Before they're forgotten, it's time to pay respects to another batch of vehicles that have stared down the grim reaper, and lost. Send your condolences below:
Acura's trading in a lot of vehicles this year: after axing the wacky ZDX coupe-ute last year, it's dumping the four-door TL sedan and the TSX sedan and wagon this year. They're both being replaced for the 2015 model year by the brand-new TLX sedan.
BMW's smallest coupe and convertible aren't dying off so much as moving to greener pastures. Under BMW's latest naming change, the 1-Series two-doors are now 2-Series two-doors, and pretty wonderful in M235i trim at that. A new 1-Series is sure to return in the future, once BMW starts building cars in its new plant in central Mexico.
Cadillac's brilliant CTS-V cars gave us hope that a hotted-up, humpbacked luxowagon could somehow make sense to mainstream America. It did not, so this year, the last-gen CTS-V four- and five-doors go away. The two-door lingers on for a short model run, while Cadillac preps V-Series cars based on the ATS Coupe and, fingers crossed, CTS sedan.
GM thought mild hybrids were the wave of the future, so it strapped its eAssist technology to both its mainstream Chevy sedans. In the process, they proved Americans are fickle and numbers-fixated. The mild gas-mileage improvements put the Malibu and Impala Eco off the shopping lists of buyers wanting sky-high EPA ratings, so this year they're both deleted. Ironically, the last-generation Chevy Impala soldiers on still, as a fleet powerhouse.
The new Chrysler 200 is a stunner of a sedan. As a convertible, it's postmortem. The ragtop and hardtop 200s won't join the sexy party--Chrysler's dropped the convertible model, since most of them were low-margin rental specials.
While Honda moves into a new body style with the 2015 Fit, the battery-powered version of last year's car is still available--though we wouldn't wait around too long if you're interested in one, and want to take advantage of some of the heavy EV tax credits that could be off the table next year. As for an updated Fit EV, Honda's confirmed nothing.
Like all classic Lamborghini nameplates, the Gallardo has finally aged out of the system. This year, it was replaced by the crazy-fast Huracan.
A two-door, top-end Mercedes is still with us--it just doesn't wear its own model designation anymore. For 2015, the S-Class lineup now includes a lovely two-door coupe, while the former CL badges get retired to a bin in Stuttgart, ready to be drop-shipped to hip-hopping Etsy users worldwide.
Pitched as a postmodern rolling lounge, the Nissan Cube never caught on--but why? It was festooned with details ranging from the odd to the functionally impaired, and though it was inexpensive, it wasn't particularly interesting to drive. Ponder no more its strange water-themed interior: this year, the Cube's being put on ice.
Rumor said Nissan would slice the top off its Murano crossover, but few believed them. Then it actually happened. The Murano CrossCabriolet was one of the strangest new vehicles in recent memory--and now it's gone, cut out of the Nissan lineup like so much essential body structure.
Scion was JDM when JDM wasn't cool--and then it progressively made it not-cooler, with cars like the second-generation xB and the xD, which replaced the xA, at which point everyone was confused. A classic middle child to the xB and the iQ city car, the xD never had much going for it, other than plenty of availability.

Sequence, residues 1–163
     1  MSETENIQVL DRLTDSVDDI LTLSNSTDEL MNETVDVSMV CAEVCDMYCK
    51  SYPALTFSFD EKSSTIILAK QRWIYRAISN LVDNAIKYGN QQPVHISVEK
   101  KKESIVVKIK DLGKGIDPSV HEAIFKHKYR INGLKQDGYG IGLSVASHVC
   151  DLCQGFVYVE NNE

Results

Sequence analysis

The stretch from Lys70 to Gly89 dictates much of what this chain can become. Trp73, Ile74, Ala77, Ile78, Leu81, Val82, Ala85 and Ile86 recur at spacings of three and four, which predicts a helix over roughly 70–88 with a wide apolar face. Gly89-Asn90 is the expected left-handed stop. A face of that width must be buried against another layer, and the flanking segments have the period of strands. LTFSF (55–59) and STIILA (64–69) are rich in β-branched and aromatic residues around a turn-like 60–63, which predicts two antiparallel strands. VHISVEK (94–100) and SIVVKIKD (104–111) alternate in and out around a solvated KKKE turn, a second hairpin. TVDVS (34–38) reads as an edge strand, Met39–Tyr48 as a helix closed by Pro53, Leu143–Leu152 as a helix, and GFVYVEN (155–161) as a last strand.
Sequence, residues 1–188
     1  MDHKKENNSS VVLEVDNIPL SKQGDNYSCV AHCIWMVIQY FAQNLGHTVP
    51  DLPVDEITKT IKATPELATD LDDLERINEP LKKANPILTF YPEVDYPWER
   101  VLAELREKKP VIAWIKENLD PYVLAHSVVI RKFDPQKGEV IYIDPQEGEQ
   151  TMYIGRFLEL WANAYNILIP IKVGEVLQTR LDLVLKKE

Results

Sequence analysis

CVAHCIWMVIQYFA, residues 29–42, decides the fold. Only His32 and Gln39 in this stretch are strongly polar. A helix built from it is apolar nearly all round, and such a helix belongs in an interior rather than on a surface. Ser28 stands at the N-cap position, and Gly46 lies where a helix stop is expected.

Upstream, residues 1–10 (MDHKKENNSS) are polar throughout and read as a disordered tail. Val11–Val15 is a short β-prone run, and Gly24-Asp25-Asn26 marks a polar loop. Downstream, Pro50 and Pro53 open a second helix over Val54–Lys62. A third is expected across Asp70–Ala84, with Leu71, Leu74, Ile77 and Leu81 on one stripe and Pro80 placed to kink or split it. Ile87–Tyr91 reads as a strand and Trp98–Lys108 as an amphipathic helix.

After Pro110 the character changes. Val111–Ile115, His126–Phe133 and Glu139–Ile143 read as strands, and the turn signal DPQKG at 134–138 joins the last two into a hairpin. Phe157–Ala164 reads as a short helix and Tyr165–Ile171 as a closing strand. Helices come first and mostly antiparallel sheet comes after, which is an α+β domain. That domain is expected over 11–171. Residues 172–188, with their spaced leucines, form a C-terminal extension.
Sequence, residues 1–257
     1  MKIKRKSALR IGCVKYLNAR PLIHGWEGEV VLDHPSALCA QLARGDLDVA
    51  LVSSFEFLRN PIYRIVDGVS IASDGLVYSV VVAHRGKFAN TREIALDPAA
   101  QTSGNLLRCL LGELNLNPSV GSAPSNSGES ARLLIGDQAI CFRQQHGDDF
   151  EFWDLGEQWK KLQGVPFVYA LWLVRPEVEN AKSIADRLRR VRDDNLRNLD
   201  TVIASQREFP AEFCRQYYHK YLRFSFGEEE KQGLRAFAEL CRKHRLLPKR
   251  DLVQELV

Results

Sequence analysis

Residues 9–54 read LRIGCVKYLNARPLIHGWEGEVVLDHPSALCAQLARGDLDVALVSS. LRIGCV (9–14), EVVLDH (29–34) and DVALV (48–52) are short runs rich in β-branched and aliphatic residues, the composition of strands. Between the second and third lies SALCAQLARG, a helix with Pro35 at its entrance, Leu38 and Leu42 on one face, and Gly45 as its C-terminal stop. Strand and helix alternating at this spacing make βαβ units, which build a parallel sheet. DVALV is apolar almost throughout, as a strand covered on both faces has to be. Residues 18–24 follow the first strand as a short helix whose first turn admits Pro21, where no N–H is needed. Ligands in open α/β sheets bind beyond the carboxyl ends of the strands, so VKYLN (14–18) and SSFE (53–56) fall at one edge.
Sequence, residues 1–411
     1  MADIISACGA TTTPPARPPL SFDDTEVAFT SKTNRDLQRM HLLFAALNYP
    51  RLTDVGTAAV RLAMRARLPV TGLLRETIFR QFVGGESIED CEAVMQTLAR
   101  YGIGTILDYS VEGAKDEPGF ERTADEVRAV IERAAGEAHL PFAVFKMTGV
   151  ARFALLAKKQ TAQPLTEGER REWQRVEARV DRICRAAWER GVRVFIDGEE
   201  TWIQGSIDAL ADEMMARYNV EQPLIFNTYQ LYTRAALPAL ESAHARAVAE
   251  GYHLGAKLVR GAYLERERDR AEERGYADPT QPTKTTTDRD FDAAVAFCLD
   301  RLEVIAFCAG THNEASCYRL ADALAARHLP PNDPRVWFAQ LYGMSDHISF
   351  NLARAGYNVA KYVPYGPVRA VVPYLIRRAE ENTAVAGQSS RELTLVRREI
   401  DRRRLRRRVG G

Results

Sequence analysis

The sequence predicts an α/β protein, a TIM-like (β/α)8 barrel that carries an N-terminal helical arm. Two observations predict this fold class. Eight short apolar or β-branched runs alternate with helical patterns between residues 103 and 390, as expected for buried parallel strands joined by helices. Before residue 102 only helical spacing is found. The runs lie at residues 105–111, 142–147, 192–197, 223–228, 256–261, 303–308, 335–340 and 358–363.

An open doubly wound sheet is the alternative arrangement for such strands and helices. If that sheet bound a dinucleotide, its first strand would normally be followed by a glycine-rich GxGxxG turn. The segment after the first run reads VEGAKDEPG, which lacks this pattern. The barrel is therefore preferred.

It was the SUV with the Tesla Model S underneath, and if you leased one in California you probably loved it. But the battery-powered RAV4 EV was a one-off project between California's newest automaker and the latest automaker to say adios to the Golden State, and now Toyota says it's focusing on hybrids and fuel cells.
Say what you will about its mainstream cars, but Toyota can build a bad-ass SUV when it wants to. The FJ Cruiser's proof enough: it'll claw along rocks with a Wrangler or an Xterra, and its almost alien looks are an instant classic. It's served its time, surrounded by Yaris and Corolla and the like, and gets an honorable discharge this year.
The Routan was a version of the Chrysler minivans, with a slightly nicer but less functional interior--the Saab 9-2X of minivans, if you will. Last year you still could buy one as a fleet vehicle, but this year it's finally been snuffed out.
The Asterisks: cars on hold for 2015
First, Infiniti said it would replace the G37 sedan with the Q50 sedan. Then it said no, it would actually keep the G37 around for a few more years until its new compact cars were ready for sale. Now, for 2015, Infiniti says it's renaming the G37 the Infiniti Q40. So the newest vehicle in the brand lineup is actually one of its oldest. Mind blown. Golf clap. Done.
Lexus has a new IS sedan for 3-Series deniers, but the two-doors? Last year they were carryovers, and this year, they get a new RC model name. The coupe/convertible and slap-happy-strong F editions? We're not saying, and Lexus isn't saying, when or how they'll be back--but we'd suggest you watch that RC space carefully.
The perky little Mazda 2 hatchback never made much noise in the marketplace, and it's officially skipping the 2015 model year. As for the pretty little 2016 Mazda 2 just announced for Japan? Odds are we'll be seeing it in America sooner rather than later.
The Maxima's in a holding pattern from 2014. Nissan has shown a concept sedan at auto shows, but says only that it will have enough '14s on hand until it launches a new version early next year.
Volvo's been smothering the Internets with details of an all-new XC90 crossover we'll see later this year at the Paris auto show. But new cars from Sweden typically take some time to land on American shores--so the XC90 finishes off its last generation as a 2014, skips 2015, and leaps headlong into the future with the new, 2016 version.